When you’re packing for your weekend getaway, you want to travel as light as possible — which might be made more difficult by your bulky DSLR camera that takes great pictures but also takes up a lot of space in your carry-on bag. Or maybe you have a smaller point-and-shoot model, but you just don’t want to carry one more thing while you explore the city.
Cell phone cameras have come a long way since the early days of blurry, grainy and un-editable pictures. In fact, many smartphones now come equipped with cameras that are on par with some point-and-shoot models, and thanks to a wide array of apps and add-ons, the photos you take with your smartphone can be just as good as — or even better — than those you take with a bigger, more expensive camera.
If you’re thinking about leaving your “good” camera at home when you go on your next vacation to the beach, follow some of these tips to take photos that will capture your memories while saving valuable luggage space.
Follow Basic Photography Rules
Just because you’re shooting with a phone camera doesn’t mean that basic photography principles don’t apply. When lining up your shots, remember the rule of thirds: imagine gridlines — three vertical and three horizontal — running through your viewfinder. Position the camera so that the most interesting elements of the composition are placed where the lines intersect. For example, if you’re taking a landscape shot, position the camera so that the horizon line matches one of the horizontal lines (also ensuring that the shot is straight) and any landscape features, like trees, buildings or mountains, fall between two of the vertical lines, ensuring a well-composed photo.
Also, pay attention to lighting. Avoid taking portraits when the sun is directly overhead, as the bright light will create shadows and bright spots. For better results, take portraits on cloudy or overcast days, or have the subject stand in the shade. Landscapes are also best when the sun is lower in the sky, meaning that your best bet is to shoot in the early morning or late afternoon, regardless of which type of camera you’re using.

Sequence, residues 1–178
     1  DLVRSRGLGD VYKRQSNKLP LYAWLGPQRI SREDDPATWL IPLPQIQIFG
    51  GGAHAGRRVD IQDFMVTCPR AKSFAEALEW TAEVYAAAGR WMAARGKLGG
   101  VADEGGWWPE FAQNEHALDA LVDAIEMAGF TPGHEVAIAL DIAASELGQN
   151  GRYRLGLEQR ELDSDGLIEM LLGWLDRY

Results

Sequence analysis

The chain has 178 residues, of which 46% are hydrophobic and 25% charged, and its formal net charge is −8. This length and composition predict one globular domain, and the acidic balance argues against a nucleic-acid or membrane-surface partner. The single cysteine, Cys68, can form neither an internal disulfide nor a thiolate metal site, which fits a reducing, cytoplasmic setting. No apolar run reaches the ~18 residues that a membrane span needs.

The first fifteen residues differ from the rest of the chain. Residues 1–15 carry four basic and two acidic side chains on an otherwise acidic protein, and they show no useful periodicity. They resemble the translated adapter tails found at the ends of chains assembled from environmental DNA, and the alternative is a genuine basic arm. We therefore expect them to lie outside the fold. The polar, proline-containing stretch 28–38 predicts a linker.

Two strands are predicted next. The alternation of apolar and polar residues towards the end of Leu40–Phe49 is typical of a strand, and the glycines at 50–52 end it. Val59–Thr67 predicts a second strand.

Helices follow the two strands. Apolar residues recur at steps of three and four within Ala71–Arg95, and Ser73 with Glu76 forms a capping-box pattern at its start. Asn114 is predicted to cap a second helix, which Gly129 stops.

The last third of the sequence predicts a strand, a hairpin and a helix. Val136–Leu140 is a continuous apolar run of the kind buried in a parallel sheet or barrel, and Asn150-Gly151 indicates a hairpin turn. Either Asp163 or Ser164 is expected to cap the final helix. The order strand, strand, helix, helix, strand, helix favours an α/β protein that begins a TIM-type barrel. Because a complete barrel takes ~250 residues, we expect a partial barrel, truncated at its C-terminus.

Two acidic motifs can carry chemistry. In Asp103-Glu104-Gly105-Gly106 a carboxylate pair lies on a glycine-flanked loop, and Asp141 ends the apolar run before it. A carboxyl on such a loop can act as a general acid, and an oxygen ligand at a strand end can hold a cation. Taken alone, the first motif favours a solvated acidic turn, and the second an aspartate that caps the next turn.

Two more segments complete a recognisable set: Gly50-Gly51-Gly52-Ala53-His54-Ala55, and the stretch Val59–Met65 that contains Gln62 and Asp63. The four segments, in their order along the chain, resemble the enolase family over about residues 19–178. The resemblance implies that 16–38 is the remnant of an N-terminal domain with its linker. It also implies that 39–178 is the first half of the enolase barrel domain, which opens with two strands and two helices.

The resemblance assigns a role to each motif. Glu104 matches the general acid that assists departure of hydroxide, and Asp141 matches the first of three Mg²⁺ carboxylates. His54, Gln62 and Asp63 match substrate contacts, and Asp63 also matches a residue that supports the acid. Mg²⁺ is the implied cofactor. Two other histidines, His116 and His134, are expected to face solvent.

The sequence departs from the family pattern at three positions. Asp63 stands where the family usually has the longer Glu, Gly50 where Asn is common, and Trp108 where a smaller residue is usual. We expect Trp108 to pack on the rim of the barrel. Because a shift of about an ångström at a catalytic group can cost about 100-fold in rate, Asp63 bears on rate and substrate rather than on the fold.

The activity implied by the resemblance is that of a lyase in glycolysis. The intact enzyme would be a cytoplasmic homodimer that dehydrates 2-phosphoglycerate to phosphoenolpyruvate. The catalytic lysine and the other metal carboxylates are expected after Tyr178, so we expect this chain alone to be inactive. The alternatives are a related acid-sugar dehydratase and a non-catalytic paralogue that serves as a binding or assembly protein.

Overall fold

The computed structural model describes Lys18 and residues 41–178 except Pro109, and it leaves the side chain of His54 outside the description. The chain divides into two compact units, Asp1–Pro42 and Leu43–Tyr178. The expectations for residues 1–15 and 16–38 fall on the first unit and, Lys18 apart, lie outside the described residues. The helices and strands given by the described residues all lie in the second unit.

Don’t Shake Things Up
Many traditional cameras have built-in stabilizers that compensate for any shaking or movement when you’re shooting. Cell phone cameras have come a long way, but they are still more vulnerable to slight movements from your hand than traditional cameras. Take care to stabilize your camera before you take the shot: hold your phone with both hands, and rest your arms on something solid if possible. If you’re taking pictures that require extra stability, such as nighttime shots, invest in a small tripod designed for smartphones.
Edit, Edit, Edit
Not every photo that you take with your regular camera is perfect, so don’t expect that your cell phone snapshots will be either. There are literally hundreds of apps that allow you to edit and perfect your photos, from the vintage-style snapshots of Instagram to the full functionality of Snapseed, which allows you to correct exposure, color and sharpness as well as add creative effects to your photos.
And speaking of editing, many photo experts recommend ignoring the zoom feature on your phone’s camera. Image quality tends to decline quickly when you zoom in with your phone, so for better photos, crop. When you crop, the resulting image remains at the same resolution as the original photo, retaining the details and preventing the distortion that’s so common with cell phone images.
Photo apps aren’t just for editing photos after you’ve taken them — they can actually help you take better pictures from the start. There are apps that allow you to take photos at night, take HDR-style photos with accurate exposures, add a timer and even create a viewfinder so you can add a destination-specific app to your phone; some places, like Disney parks, offer free apps that allow you to add backgrounds, captions and characters to your cell phone photos right on your phone.
Taking great vacation photos with your phone is much like taking photos with your regular camera — and in some cases, even easier, with the abundance of applications and features right at your fingertips. So don’t fear leaving your heavy camera behind or looking like a tourist walking around with a bulky device around your neck — great pictures are less than a phone call away.
About the Author: A writer and photographer, Mindy Larson usually doesn’t leave home without her expensive DSLR camera, but many of her favorite photos were taken with her Android smartphone.